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Bioelectric Impedance Analysis (BIA) Technology
                 
All Tanita body composition monitors use advanced Bioelectric Impedance Analysis (BIA) technology. When you stand on a Tanita monitor, a very low, safe electrical signal is sent from four metal electrodes through your feet to your legs and abdomen. The electrical signal passes quickly through water that is present in hydrated muscle tissue but meets resistance when it hits fat tissue. This resistance, known as impedance, is measured and input into scientifically validated Tanita equations to calculate body composition measurements.
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Body Compositions
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Visceral Fat
Visceral Fat
Visceral fat is located deep in the core abdominal area, surrounding and protecting the vital organs.
Even if your weight and body fat remains constant, as you get older the distribution of fat changes and is more likely to shift to the abdominal area. Ensuring you have a healthy level of visceral fat directly reduces the risk of certain diseases such as heart disease, high blood pressure and may delay the onset of type 2 diabetes.
Visceral Fat
Metabolic Age
Metabolic Age
Compares your BMR to an average for your age group.
This is calculated by comparing your basal metabolic rate (BMR) to the BMR average of your chronological age group. If your metabolic age is higher than your actual age, it’s an indication that you need to improve your metabolic rate. Increased exercise will build healthy muscle tissue, which in turn will improve your metabolic age. Stay on track by monitoring regularly.
Muscle Mass
Muscle Mass
The predicted weight of muscle in your body.
Muscle mass includes the skeletal muscles, smooth muscles such as cardiac and digestive muscles and the water contained in these muscles. Muscles act as an engine in consuming energy.
As your muscle mass increases, the rate at which you burn energy (calories) increases which accelerates your basal metabolic rate (BMR) and helps you reduce excess body fat levels and lose weight in a healthy way.
If you are exercising hard your muscle mass will increase and may increase your total body weight too. That’s why it’s important to monitor your measurements regularly to see the impact of your training program on your muscle mass.
Basal Metabolic Rate (BMR)
Basal Metabolic Rate (BMR)
The daily minimum level of energy or calories your body requires when at rest (including sleeping) in order to function effectively.
Increasing muscle mass will speed up your basal metabolic rate (BMR). A person with a high BMR burns more calories at rest than a person with a low BMR.
About 70% of calories consumed every day are used for your basal metabolism. Increasing your muscle mass helps raise your BMR, which increases the number of calories you burn and helps to decrease body fat levels.
Your BMR measurement can be used as a minimum baseline for a diet program. Additional calories can be included depending on your activity level. The more active you are the more calories you burn and the more muscle you build, so you need to ensure you consume enough calories to keep your body fit and healthy.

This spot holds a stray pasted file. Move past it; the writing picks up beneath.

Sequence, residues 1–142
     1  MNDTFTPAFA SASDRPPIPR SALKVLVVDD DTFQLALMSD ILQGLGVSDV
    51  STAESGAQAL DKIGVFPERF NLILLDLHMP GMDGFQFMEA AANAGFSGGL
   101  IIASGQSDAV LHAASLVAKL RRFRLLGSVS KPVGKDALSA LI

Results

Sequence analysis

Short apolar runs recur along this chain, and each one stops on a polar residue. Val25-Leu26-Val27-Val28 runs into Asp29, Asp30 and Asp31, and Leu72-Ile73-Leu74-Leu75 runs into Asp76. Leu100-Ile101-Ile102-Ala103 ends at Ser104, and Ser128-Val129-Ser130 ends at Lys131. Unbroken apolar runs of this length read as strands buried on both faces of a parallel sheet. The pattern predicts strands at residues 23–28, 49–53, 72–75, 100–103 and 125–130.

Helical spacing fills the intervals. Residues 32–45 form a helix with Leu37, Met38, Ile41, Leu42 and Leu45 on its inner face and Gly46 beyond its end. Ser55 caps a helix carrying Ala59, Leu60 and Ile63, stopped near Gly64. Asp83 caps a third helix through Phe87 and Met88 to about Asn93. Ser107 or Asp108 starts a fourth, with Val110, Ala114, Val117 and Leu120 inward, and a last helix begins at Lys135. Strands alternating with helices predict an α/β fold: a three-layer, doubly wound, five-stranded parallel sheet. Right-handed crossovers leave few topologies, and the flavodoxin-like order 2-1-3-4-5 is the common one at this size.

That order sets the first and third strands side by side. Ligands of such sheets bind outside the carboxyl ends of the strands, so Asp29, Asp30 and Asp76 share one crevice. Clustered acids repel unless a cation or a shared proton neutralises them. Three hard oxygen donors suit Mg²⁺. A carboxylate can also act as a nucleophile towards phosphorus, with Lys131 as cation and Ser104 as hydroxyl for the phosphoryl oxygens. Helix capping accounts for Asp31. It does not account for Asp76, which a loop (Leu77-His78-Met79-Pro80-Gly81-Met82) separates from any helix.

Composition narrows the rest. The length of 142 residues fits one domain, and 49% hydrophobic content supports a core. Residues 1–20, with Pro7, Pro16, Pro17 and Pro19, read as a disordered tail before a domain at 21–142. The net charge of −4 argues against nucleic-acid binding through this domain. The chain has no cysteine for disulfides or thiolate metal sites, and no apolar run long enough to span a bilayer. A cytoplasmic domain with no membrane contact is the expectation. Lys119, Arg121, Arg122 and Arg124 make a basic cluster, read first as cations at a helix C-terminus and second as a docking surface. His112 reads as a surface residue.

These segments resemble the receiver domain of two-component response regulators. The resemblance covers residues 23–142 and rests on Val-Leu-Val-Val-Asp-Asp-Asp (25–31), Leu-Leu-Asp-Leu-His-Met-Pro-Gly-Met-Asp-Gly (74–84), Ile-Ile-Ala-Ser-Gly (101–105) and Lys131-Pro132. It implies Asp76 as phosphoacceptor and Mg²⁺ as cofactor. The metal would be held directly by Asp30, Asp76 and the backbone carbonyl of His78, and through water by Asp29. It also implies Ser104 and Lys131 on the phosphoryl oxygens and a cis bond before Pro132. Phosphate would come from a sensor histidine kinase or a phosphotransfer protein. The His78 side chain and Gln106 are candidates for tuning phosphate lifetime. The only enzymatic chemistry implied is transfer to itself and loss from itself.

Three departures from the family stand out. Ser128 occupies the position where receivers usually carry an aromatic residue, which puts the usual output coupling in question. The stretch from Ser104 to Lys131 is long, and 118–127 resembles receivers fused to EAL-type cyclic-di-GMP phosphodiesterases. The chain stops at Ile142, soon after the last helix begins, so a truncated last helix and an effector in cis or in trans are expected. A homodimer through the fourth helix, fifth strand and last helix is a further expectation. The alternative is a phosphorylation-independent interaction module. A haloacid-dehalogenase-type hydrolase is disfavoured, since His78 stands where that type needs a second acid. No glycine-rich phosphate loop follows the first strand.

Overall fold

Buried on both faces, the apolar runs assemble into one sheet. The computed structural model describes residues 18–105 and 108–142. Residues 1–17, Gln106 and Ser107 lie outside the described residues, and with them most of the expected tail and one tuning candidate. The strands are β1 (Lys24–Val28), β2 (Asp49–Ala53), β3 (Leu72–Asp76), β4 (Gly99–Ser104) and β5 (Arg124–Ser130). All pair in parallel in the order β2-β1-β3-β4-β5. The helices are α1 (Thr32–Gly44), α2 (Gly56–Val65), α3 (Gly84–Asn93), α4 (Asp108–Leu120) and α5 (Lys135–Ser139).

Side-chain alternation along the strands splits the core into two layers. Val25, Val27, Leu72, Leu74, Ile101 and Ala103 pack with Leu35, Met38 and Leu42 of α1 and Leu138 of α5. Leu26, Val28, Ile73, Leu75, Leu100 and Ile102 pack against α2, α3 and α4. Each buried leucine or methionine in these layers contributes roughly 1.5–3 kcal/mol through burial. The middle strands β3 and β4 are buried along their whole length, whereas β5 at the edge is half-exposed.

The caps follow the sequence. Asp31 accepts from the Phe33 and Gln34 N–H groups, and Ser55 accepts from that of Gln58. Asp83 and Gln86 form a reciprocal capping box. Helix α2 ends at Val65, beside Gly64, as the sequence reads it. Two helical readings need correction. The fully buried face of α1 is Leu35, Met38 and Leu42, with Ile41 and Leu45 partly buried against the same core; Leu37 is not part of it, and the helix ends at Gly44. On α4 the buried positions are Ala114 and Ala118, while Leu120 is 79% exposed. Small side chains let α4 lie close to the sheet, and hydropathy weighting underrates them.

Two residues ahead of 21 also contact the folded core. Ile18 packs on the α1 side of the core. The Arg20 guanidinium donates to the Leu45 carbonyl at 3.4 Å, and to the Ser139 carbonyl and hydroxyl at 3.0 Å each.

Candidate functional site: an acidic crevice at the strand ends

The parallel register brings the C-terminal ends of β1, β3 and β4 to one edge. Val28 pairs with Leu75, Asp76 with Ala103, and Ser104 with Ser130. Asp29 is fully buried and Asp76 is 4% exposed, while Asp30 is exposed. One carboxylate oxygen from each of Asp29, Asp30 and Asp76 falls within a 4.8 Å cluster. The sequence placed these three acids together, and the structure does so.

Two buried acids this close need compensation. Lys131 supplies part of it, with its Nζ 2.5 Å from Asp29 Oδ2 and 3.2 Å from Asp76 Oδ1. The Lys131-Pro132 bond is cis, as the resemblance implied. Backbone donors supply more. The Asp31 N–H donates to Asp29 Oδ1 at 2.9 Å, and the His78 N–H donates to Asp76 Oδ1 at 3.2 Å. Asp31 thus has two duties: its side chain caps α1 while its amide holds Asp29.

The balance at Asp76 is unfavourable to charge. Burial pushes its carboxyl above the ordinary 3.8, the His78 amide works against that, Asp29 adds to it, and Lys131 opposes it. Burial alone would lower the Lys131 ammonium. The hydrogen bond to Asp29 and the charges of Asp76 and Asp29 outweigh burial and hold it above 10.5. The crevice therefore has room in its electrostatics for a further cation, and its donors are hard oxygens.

As people age their metabolic rate changes. Basal metabolism rises as a child matures and peaks at around 16 or 17, after which point it typically starts to decrease. A slow BMR will make it harder to lose body fat and overall weight.
Body Mass Index
Body Mass Index
A standardised ratio of weight to height, used as a general indicator of health.
Your BMI can be calculated by dividing your weight (in kilograms) by the square of your height (in meters).
BMI is a good general indicator for population studies but has serious limitation when assessing on an individual level.
Body Mass Index
Body Fat Percentage and Body Fat Mass
Body Fat Percentage and Body Fat Mass
Body Fat Percentage is the proportion of fat to the total body weight. Body Fat Mass is the actual weight of fat in your body.
Body fat is essential for maintaining body temperature, cushioning joints and protecting internal organs.
The energy, or calories, our body needs comes from what we eat and drink. Energy is burned through physical activity and general bodily functions. If you consume the same number of calories as you burn, all the calories are converted into energy. But if you consume more than you burn, excess calories are stored in fat cells. If this stored fat is not converted into energy later, it creates excess body fat.
Too much fat can damage your long-term health. Reducing excess levels of body fat has been shown to directly reduce the risk of certain conditions such as high blood pressure, heart disease, type 2 diabetes and certain cancers.
Too little body fat may lead to osteoporosis in later years, irregular periods in women and possible infertility.
It is important to check your body fat results against the Tanita healthy body fat ranges. These measurements are available for everyone from age five to 99 years.
Children’s health body fat ranges
Children’s health body fat ranges
Adult’s healthy body fat ranges
Adult’s healthy body fat ranges